I learned that, even though I can’t copy a picture of a person when I know that it’s a picture of a person, I can copy it quite well if I turn it upside down. That says something really interesting about cognitive psychology. It says something about how my preconceptions limit my ability to see what’s in from of me. It’s a clue to how I could switch off my Inner Editor and think outside the box and release my creativity. But it doesn’t matter what parts of the brain are involved. The right and left stuff, the way Edwards and Downey both use it, is just a metaphor, just a handle to help us grasp their ideas about creativity.
So let’s not talk about neurobiology. Let’s talk about writer’s block, Downey’s two-headed monster (I guess it must have two right brains) and about unleashing the hounds of creativity.
Actually, writer’s block is not what the book’s about. This is just one more engaging, interesting book about the craft of writing. It includes almost 60 pages of interviews (not about neurobiology) with various writers, quite a few of whom are people I have heard of.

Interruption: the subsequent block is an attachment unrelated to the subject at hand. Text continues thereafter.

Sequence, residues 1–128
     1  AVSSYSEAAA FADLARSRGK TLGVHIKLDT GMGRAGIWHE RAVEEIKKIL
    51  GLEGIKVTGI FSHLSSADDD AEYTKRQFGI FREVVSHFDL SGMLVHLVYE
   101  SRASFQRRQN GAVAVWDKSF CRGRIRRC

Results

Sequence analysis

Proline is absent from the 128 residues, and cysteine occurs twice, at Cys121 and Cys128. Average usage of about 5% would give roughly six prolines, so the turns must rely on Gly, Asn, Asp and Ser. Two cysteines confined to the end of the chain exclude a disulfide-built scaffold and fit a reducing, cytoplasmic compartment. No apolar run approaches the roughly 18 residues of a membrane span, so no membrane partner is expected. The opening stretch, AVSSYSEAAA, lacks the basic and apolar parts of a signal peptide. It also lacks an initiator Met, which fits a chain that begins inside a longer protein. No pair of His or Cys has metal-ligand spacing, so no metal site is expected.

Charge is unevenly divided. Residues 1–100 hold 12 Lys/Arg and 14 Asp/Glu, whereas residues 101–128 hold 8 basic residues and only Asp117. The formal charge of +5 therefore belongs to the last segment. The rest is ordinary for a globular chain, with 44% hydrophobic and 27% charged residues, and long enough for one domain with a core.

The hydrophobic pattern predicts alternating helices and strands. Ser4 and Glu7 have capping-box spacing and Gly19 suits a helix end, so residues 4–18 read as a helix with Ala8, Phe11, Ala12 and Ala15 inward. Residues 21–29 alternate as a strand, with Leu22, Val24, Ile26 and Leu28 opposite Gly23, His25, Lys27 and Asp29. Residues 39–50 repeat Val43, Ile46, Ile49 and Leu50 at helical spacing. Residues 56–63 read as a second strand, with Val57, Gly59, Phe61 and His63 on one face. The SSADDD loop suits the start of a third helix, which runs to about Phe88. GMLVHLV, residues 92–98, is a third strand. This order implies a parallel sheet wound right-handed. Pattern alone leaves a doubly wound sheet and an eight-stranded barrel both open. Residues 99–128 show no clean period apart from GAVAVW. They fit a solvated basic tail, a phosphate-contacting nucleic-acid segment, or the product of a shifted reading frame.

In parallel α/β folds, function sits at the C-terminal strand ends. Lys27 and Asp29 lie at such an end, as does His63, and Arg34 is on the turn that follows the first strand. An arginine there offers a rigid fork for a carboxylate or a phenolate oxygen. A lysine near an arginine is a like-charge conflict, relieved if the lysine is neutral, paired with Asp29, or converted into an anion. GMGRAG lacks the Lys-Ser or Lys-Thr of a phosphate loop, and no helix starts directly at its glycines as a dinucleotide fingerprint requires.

Then why am I mentioning this book here at all? Because Downey’s description of “crossing over to the right brain” is exactly like a description of flow. “When I glance at the clock and see I have been writing for several hours, I am stunned,” one writer told him. “I did not hear [the phone] ring.”
Other writers told him about a strong sense of involvement in their scenes, and a deep satisfaction at the end of the session.
So writing in the right brain is the same thing as writing in flow.
This isn’t a scientific discovery. What I’m saying is that these are two out of many ways of describing a particular state. Think of them both as metaphors, if you will. Whichever works for you, works for you. Different routes to access the same goal, which another of Downey’s writers called “heaven.”
I think what this left / right thing is about is the difference between thinking and feeling. One of the reasons that getting into flow, into right brain, into pure feeling, is harder for writers than for, say, painters is that writers more or less have to do some thinking. If we were musicians or runners we could operate on instinct and body-learning. We could get the flowing, uncomplicated feeling of what it’s like to be an animal (your cat doesn’t really think, she just does her cat thing, she just is, she just responds to the environment, she doesn’t ever figure things out and probably can’t count to three). What bliss to be in the flow state, simply running through the trees doing what nature meant you to do!